Published November 24th, 2016
According to the World Health Organisation, there are approximately 50 million people living with a form of epilepsy. It’s one of the world’s most common neurological disorders. Medical researchers still aren’t certain what causes the epilepsy, instead preferring to label it as a range of different diseases brought under one umbrella by epileptic seizures.
Some people develop epilepsy as a result of head trauma, while others have it from birth. Seizures can be brief and barely recognisable, or they can last for hours. There are aspects to the condition too—including something called a focal seizure, an “aura” that involves a sensory overload before a seizure strikes.
These focal seizures can range from visual sensations all the way to a psychic sensation, similar to déjà vu. Despite a study finding that 64 percent of participants had experienced an aura in the last 12 months, it’s an aspect of epilepsy that isn’t widely discussed. To understand what this experience is like, we spoke to three people who experience auras, as well as a mother whose daughter has them before her epileptic seizures.
Richard is a 52-year-old man who was diagnosed with Frontal Lobe epilepsy two years ago
My seizures last only 10 to 20 seconds. So when I get a seizure it’s manageable. The actual experience I get is very hard to explain, but it’s this overall sense of euphoria. It’s usually triggered by a déjà vu-type sensation that I’ve had since I was a boy. It’s almost as if I momentarily tap into a different form of existence, like I’ve crossed over into a parallel world.
I’ve never used drugs. But if I had to compare [an aura] to anything, I’d assume it’d be the same feeling as heroin. It’s a real type of rush and, as weird as it sounds, I really enjoy it. I’m disappointed when it passes.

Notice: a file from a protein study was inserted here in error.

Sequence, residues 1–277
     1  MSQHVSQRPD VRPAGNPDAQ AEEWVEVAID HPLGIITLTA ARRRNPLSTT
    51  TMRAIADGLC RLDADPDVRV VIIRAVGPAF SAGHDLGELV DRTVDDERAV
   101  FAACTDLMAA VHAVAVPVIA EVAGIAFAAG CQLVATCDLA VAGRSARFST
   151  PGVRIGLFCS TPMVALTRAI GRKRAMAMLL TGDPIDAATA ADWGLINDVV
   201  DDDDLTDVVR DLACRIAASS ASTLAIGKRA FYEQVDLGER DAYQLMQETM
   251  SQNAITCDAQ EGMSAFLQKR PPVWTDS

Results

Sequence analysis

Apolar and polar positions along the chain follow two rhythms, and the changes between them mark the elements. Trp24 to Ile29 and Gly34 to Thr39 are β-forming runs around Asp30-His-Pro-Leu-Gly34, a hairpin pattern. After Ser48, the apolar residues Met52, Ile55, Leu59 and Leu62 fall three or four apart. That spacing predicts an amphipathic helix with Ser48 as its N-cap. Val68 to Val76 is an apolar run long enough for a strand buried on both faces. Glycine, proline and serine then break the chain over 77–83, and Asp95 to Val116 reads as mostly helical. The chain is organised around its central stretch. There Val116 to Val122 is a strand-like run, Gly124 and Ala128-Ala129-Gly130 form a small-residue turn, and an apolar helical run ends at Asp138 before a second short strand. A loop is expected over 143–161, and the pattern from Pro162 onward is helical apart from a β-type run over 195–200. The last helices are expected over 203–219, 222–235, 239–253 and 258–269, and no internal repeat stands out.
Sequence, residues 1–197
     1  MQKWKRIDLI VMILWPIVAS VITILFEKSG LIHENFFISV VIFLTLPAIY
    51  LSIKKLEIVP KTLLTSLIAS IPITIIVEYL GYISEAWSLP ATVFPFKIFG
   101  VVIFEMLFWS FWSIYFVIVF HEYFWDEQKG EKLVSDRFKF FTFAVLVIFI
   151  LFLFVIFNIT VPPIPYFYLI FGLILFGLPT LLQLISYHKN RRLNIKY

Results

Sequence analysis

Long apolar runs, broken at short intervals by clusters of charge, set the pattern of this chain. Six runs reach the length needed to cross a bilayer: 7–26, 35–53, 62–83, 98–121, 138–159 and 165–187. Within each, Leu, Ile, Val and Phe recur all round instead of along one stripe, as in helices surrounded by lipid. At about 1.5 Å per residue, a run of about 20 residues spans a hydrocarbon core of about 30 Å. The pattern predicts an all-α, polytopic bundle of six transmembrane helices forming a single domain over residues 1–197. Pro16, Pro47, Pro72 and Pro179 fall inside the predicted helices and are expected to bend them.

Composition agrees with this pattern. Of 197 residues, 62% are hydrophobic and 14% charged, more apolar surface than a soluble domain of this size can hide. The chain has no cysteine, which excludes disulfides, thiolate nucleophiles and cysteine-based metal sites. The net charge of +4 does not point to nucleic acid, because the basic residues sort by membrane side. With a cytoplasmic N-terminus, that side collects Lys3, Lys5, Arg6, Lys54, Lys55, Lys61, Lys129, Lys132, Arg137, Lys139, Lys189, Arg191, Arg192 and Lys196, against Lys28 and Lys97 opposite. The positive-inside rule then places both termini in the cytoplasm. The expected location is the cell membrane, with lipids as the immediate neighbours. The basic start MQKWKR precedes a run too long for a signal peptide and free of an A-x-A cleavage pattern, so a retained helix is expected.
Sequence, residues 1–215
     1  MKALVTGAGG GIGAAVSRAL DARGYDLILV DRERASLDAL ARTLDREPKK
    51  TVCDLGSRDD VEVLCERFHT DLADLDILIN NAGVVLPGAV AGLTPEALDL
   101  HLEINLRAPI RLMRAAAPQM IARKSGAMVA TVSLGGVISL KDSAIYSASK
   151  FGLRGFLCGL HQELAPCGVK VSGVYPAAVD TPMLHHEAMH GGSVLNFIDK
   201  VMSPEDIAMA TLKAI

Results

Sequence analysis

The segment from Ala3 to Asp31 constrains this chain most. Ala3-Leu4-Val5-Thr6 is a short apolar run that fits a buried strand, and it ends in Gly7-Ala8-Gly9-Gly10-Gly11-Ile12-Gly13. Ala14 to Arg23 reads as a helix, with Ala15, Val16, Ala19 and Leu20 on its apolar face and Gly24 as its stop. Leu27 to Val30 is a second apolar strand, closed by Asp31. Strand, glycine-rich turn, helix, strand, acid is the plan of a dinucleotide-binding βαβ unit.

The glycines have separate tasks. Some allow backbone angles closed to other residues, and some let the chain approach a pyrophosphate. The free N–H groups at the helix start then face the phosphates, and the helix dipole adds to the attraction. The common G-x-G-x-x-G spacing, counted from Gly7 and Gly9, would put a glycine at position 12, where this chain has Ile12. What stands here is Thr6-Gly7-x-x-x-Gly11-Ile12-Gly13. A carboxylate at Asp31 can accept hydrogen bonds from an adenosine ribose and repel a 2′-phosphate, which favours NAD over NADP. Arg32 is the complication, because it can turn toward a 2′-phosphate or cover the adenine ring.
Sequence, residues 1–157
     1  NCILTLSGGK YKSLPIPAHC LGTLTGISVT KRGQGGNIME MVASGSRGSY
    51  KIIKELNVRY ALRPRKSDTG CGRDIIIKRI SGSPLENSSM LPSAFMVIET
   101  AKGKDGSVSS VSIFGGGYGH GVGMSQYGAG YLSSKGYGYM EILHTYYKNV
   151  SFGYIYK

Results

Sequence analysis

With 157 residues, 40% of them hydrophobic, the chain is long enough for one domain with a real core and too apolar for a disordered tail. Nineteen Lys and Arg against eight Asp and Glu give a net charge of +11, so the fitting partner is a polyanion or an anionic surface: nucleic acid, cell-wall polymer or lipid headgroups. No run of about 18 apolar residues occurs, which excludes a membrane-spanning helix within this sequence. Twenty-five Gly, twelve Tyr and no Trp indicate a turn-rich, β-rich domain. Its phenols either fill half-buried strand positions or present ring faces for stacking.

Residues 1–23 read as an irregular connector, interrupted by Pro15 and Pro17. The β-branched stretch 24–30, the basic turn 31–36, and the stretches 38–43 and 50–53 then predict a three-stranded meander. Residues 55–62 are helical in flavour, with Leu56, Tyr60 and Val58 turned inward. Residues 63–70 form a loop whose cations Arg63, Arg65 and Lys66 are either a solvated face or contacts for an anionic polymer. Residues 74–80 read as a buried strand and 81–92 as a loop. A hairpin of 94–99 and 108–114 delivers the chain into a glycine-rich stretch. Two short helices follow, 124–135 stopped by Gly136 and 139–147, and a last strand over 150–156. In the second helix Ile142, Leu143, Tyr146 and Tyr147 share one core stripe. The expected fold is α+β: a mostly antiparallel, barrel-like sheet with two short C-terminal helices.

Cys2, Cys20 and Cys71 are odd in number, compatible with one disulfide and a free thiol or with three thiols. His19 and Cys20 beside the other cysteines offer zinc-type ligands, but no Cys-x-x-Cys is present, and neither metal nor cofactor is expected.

It can be a bit inconvenient because if I get one while I’m driving, I’ll lose my bearings. I’ll also forget my pin number at the shops. If I’m at work I’ll look vacant, which stresses me out because I don’t want to look lazy.
Afterwards, I’ll be confused and dizzy but it usually only takes a couple minutes to recuperate. It used to take a bit longer to get back to myself a few years ago. I’ve found that by stressing about it less, they’re actually occurring a lot less.
Joanne is the mother and carer of a mentally disabled 13-year-old who’s had epilepsy since she was five
I know when she’s about to have a fit because she’ll look up at something that no one else can see. The other thing that will happen before her episodes—but also during and after—are her premonitions. She’ll tell us something that will come true, or she’ll know something she has no way of knowing. For example, my mother has had a history of cancer and she’s been able to correctly predict when she’s had a recurrence. [My daughter] also knew my nephew was in trouble with the police when she had no possible way to find out.
We don’t know how she does it because she’s developmentally slow with an IQ of 48. She can’t lie, she doesn’t have the capacity to do so. She doesn’t watch TV, doesn’t use the computer or use social media, and she’s only able to attend school for four to six hours a week. She lives quite an isolated life.